I had the pleasure of meeting the members of Deep Purple (most of them, anyway) back on August 19, after watching them performe at the Molson Ampthieater in Toronto.
First off, the concert was just great. The band played for about 1:40. The set list is provided below, along with some of Ian Gillan's banter about the songs:
Strange Kind of Woman ("Never did figure that one out")
Ted the Mechanic
Pictures of Home
Almost Human ("I feel that way around noon.")
Ted the Mechanic (Note, I'm not sure where they fit it in the set)
Woman from Tokyo ("It's not about a woman")
Watching the Sky
Steve Morse Solo / Jam
Smoke on the Water
Jon Lord Solo / Lazy
Perfect Strangers ("A song from long ago, but not that long ago")
Speed King ("A Spanish/Scottish lullaby")
Encore: Any Fule Kno That, and Highway Star
Being not far from the stage, of course, meant that I was blasted with a solid wall of noise. Everything louder than everything else indeed. Deep Purple never sounded heavier (or better) than that night. Only one encore was played, because, as I was told later backstage by Roger, Ian was still recovering from a cold. Not that I could tell the difference, because he sounded great. "Thaaaaaaaaaaaaaaaank you!" he screamed all of 40 times that night.
I especially enjoyed the interplay between Lord and Morse. All five were all in fine form that night, and there was no on-stage bickering or rivalry of any kind. Just seamless execution of classics old and new.
Now, after the show, and before I went backstage, I spent a few minutes at the door talking to an older white-haired gent. I told him the show seemed to go by so fast, and I would readily have stayed for more. He responded by telling me it was the first Deep Purple concert he ever paid for, and how he toured with them for years as a roadie/engineer, and had their set list tatooed in his brain. He then told me something about the ABC TV broadcast California Jamming (April 1974), which eventually led to a discussion on how Ritchie Blackmore smashed his guitar into the camera, and also the availability of the video in North America.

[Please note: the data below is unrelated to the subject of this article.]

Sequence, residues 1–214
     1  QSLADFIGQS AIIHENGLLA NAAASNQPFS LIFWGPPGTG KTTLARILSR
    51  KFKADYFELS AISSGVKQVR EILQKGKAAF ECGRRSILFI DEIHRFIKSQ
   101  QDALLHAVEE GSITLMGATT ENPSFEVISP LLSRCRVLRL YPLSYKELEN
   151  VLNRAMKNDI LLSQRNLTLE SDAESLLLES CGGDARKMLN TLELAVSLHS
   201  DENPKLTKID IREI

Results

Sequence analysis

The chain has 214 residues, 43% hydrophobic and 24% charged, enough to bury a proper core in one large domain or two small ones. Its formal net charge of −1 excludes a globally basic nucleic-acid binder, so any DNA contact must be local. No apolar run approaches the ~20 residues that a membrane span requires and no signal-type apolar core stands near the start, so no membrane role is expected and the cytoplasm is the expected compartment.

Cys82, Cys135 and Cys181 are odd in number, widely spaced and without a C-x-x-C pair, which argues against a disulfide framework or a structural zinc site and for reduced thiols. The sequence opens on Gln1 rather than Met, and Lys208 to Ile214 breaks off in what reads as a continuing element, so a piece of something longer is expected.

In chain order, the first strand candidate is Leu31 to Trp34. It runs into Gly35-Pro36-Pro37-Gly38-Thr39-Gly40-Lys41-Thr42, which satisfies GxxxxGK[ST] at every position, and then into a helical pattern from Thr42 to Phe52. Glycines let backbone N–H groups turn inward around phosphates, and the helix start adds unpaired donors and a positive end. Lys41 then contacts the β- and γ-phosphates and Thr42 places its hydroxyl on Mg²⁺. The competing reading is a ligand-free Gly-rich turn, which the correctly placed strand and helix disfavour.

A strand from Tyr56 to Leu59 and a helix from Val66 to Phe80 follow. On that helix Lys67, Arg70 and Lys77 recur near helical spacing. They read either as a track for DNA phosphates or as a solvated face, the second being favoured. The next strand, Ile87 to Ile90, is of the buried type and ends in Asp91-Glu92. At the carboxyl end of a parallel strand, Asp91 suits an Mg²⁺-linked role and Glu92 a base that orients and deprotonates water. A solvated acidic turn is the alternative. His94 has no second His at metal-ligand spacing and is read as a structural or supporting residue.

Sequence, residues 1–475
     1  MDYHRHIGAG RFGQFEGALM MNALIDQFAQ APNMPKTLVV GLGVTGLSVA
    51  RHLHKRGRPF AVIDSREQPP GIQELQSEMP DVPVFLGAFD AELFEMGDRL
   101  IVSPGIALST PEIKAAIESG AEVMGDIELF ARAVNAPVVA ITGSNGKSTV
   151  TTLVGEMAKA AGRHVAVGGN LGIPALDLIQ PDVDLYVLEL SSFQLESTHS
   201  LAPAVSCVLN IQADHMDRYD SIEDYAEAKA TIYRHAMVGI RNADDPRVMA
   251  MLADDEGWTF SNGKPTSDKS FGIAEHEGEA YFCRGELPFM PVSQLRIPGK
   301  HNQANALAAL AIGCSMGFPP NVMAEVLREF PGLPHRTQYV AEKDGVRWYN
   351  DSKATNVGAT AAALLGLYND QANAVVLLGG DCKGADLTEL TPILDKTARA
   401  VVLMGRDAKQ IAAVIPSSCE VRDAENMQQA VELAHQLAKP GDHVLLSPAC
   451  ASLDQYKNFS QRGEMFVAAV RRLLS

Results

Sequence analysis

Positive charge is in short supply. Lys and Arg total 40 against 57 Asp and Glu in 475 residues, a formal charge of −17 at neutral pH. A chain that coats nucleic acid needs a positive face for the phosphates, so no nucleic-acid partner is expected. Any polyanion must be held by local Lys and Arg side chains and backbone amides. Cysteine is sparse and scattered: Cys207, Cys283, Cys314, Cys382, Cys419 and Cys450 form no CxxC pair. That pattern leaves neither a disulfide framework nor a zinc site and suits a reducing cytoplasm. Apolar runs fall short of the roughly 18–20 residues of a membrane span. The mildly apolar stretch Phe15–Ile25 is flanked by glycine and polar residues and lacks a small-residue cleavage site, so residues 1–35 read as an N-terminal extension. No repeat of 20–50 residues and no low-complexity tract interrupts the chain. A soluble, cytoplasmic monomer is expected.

His name is Mark Phillips, and he gave me his business card. As he didn't have permission to go backstage, he left. But later, I gave the card to Roger, having no use for it myself. Too bad I didn't scrawl down his Internet address for future reference. "You know who this is, right?", he replied.
Anyway, there were about 40 fans backstage, and first to meet them was Roger, and then Steve. Roger was a real gentleman, and was friendly and talkative to everybody. "I heard you got the WDWTWA master tapes. So, is the world ready for 'Smelly Botty'?", I asked. "How did you find about that", he replied, before rattling off some lyrics from the song, which I forgot. I thanked him for the great show all of them gave, and had him sign all of three CD's (the Morse-era Purple), including Live at the Olympia, and the last two studios.
Next out was Ian Gillan. When I met him, he seemed a bit distracted, but was nice enough to sign my CD books as well. "I have all of your CD's, and even your rap album." "Rap album?". "The one you did with the Ray Sillengaard and the Bolland brothers." "It's out? I haven't even heard the demo tapes. How is it?" "They released it in Japan last year. I don't know what to make of it. Too bad I didn't bring it." Well, that's my Ian Gillan story. He also signed my copy of Dreamcatcher, along with my DP CD's.
Paicey was there, and like Roger and Steve, was very friendly, and easygoing. "If your arms aren't too tired, could you sign these for me?". "Sure." What a great guy.
Last to meet was Steve. I told him how much I liked the show, and how much I like the current lineup, and how special it was that he was part of it. When it came time to sign my CD programs, I inadvertently included Dreamcatcher (the Gillan solo). "Oh, sorry, you aren't on it." "But it does have Steve Morris", was his answer.
Jon Lord stayed on the bus, so I didn't get to meet him. Oh well. For the next few days, I showed off the booty to friends and co-workers, and listened to Live at the Olympia, all of about three times, easily one of my favorite DP live sets (I have about 17 or so, including variants). All in all a great experience, a get together with the band and its fans. I'll remember it for a long time.
"And if you hear me talking on the wind
You've got to understand
We must remain perfect strangers."
--Perfect Strangers (Blackmore/Glover/Gillan)